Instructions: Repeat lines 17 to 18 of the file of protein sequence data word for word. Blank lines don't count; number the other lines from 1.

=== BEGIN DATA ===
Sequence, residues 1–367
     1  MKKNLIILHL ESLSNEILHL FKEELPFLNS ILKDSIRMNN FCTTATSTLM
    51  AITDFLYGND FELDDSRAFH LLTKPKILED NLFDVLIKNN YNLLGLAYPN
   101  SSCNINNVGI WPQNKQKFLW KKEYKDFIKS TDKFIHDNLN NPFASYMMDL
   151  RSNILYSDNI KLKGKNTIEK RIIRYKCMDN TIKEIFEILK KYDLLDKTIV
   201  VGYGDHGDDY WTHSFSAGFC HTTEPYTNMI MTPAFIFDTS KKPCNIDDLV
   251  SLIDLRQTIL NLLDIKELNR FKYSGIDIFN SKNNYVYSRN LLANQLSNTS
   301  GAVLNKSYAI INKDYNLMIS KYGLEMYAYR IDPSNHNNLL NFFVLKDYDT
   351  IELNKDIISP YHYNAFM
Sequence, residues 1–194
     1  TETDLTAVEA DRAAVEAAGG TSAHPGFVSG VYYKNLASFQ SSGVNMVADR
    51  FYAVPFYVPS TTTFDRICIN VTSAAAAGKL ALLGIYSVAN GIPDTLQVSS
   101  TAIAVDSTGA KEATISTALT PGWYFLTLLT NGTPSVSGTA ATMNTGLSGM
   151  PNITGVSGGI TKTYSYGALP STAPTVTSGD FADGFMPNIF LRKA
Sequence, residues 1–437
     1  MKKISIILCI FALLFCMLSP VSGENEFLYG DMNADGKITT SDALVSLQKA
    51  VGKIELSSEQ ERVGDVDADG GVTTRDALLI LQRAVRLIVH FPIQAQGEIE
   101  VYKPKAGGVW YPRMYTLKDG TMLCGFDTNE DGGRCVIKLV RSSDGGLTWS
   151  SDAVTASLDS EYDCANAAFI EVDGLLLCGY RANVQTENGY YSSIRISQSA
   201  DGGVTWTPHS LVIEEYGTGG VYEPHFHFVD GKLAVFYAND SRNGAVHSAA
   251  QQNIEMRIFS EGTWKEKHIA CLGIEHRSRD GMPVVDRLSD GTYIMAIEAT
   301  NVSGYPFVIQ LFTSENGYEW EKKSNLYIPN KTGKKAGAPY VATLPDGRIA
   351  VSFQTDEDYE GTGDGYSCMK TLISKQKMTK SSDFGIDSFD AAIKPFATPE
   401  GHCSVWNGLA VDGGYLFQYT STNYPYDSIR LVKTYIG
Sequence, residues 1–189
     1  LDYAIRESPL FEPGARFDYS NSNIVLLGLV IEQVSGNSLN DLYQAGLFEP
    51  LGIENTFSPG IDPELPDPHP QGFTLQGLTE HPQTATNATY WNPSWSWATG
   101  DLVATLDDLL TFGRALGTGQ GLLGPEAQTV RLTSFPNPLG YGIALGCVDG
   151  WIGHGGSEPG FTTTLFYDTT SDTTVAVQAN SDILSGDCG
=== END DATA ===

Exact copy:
    51  VGKIELSSEQ ERVGDVDADG GVTTRDALLI LQRAVRLIVH FPIQAQGEIE
   101  VYKPKAGGVW YPRMYTLKDG TMLCGFDTNE DGGRCVIKLV RSSDGGLTWS